Results

  1. Top of page
  2. Abstract
  3. Introduction
  4. Methods
  5. Results
  6. Discussion
  7. Conclusion
  8. Conflict of interest
  9. Source of funding
  10. References

What is a documentary film?

We list nine of the most commonly cited texts regarding the documentary film tradition (see Table 1). All are uniform in their approach to documentary film studies: they first outline what defines a documentary film and then explore the difficulties of capturing events using audio-visual materials.

Table 1. Standard texts on documentary films
Ellis JC, McLane BA. A New History of Documentary Film. New York: Continuum, 2005.
Rosenthal A, Corner J. New Challenges for Documentary, 2nd edn. Manchester, UK: Manchester University Press, 2005.
Nichols B. Introduction to Documentary. Bloomington, IN: Indiana University Press, 2001.
Plantinga CR. Rhetoric and Representation in Nonfiction Film. Cambridge, UK; New York, NY: Cambridge University Press, 1997.
Winston B, British Film Institute. Claiming the Real: The Griersonian Documentary and Its Legitimations. London: British Film Institute, 1995.
Barnouw E. Documentary: A History of the Non-fiction Film, 2nd rev. edn. New York: Oxford University Press, 1993.
Nichols B. Representing Reality: Issues and Concepts in Documentary. Bloomington: Indiana University Press, 1991.
Jacobs L. The Documentary Tradition, 2nd edn. New York: W.W. Norton, 1979.
Grierson J, Hardy F. Grierson on Documentary, rev. edn. London: Faber, 1966.

Film historians have struggled to define the documentary film format. For the purposes of our article, we focus on two accepted aspects of documentary films that are relevant to decision science: the representation of events in documentary film and the relationship between documentary films and their viewers.

A fundamental feature of documentary films, in contradistinction to fiction films, is that the film images attempt to represent historical events and portray things as they happen6,7 (see Table 2). Sometimes this occurs in real time as the event occurs, or it may occur in a simulated setting where the intention is to portray things as they would normally occur. Whether it is a scene from a correctional institution’s mental health hospital for the criminally insane in Massachusetts, as seen in Frederick Wiseman’s classic documentary film Titicut Follies, or a public hospital ward in Cuba as seen in Michael Moore’s recent Sicko, the sights and sounds represented in the film images ‘bear an indexical relation to the historical world’.6 John Grierson, one of the first documentary filmmakers, encapsulated this indexical relationship between film and the historical world by defining the documentary film as a ‘creative treatment of actuality’.6,8,9 Documentary films consist of places and sounds that represent a real place and time. A documentary film documents evidence and information from the world which legitimates its usage as a source of knowledge.6,10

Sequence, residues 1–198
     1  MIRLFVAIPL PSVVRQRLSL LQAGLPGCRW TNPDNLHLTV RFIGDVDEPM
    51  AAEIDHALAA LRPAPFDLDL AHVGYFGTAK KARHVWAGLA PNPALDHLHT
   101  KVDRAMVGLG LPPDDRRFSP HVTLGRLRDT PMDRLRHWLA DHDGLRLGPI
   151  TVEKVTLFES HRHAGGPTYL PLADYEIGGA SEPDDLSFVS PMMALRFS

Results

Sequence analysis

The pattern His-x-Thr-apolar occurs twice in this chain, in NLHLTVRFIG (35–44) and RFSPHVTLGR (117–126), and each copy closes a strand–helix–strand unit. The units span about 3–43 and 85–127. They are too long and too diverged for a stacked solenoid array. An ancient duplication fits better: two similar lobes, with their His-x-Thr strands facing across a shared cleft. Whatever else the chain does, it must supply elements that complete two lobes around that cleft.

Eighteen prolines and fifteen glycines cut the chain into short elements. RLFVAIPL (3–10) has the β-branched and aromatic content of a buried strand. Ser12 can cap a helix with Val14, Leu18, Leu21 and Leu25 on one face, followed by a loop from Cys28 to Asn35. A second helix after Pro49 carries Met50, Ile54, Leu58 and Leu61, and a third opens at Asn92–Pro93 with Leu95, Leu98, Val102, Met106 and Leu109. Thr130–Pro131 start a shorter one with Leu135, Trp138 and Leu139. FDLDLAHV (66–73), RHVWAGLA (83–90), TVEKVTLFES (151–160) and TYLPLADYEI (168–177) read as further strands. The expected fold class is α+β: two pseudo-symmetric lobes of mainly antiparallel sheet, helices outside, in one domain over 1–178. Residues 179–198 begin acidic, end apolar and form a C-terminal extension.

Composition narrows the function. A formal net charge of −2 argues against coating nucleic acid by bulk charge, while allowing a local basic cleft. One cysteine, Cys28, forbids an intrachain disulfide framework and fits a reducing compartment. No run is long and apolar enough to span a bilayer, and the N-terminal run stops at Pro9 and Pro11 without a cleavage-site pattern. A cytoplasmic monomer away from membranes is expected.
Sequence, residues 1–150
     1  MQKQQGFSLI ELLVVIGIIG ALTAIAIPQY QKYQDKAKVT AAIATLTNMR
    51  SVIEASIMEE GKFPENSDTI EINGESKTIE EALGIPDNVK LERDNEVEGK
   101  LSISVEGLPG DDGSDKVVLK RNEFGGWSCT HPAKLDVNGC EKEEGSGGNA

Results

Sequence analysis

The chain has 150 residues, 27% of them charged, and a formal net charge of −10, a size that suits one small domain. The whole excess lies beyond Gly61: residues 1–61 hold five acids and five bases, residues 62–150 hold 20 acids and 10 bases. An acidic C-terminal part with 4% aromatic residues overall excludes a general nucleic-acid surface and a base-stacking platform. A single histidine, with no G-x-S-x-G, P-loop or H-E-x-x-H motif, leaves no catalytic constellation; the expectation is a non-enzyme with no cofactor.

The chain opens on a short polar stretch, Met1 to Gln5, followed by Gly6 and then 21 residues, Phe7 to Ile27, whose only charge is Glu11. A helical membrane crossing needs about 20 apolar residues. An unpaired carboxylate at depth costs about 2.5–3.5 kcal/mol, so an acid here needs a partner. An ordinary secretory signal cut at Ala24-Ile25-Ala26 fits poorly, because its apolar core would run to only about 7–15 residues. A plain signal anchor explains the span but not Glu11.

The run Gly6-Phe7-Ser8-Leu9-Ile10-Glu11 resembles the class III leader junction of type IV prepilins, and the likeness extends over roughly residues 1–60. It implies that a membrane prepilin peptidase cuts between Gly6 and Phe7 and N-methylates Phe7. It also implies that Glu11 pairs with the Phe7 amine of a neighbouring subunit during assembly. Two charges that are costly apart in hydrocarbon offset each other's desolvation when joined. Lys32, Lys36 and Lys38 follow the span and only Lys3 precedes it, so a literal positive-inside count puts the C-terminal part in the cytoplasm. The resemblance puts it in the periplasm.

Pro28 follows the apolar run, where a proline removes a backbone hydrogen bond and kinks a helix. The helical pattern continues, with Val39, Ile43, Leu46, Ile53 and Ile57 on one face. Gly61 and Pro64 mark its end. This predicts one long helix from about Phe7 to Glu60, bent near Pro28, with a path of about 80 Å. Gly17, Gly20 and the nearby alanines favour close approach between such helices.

Table 2. Similarities and differences among documentaries, feature films, and decision support tools
 DocumentaryFeature filmDecision support tool
Defining featureRepresents historical realityDoes not represent historical realityRepresents historical reality
ConcernsObjectivity and bias of imagesNo concerns regarding objectivity and bias as this is fictionObjectivity and bias of images

It is precisely because of the indexical relationship between the images we see and hear and the historical world that documentary films have a unique relationship with viewers, the second aspect of documentary films that is of interest to decision science. ‘As viewers, we expect that what occurred in front of the camera has undergone little or no modification to be recorded on film or magnetic tape’.6 When viewing documentary films, the viewer assumes that the projected images remain identical to the actual images or events that ‘we could have witnessed in the historical world’.6 Because film images represent ‘reality’, we as viewers, perhaps naively, assume there is a pure, unmediated truth to the images that cannot be said of fiction film with its use of studio sets and special effects. This purity of objective reportage is one of the reasons why documentaries are separately indexed in catalogues or video stores apart from fiction films.9 Documentary filmmakers assert a belief that the images they present in films actually occurred or existed in the actual world.9

The unique relationship between documentary films and their viewers is similar to that between patients and decision support tools (see Table 2). Patients expect that the information and material presented in decision support tools are ‘true’ and unmediated. It is not a coincidence that great attention is given to issues of objectivity and bias in decision science, and remain some of the key features of quality criteria for decision support tools.4 But as with decision support tools, ‘truth’ and ‘objectivity’ remain an elusive goal in documentary films. Below, we explore the issues of truth and objectivity in documentary films and then the issues of objectivity and bias in audio-visual materials for decision support tools.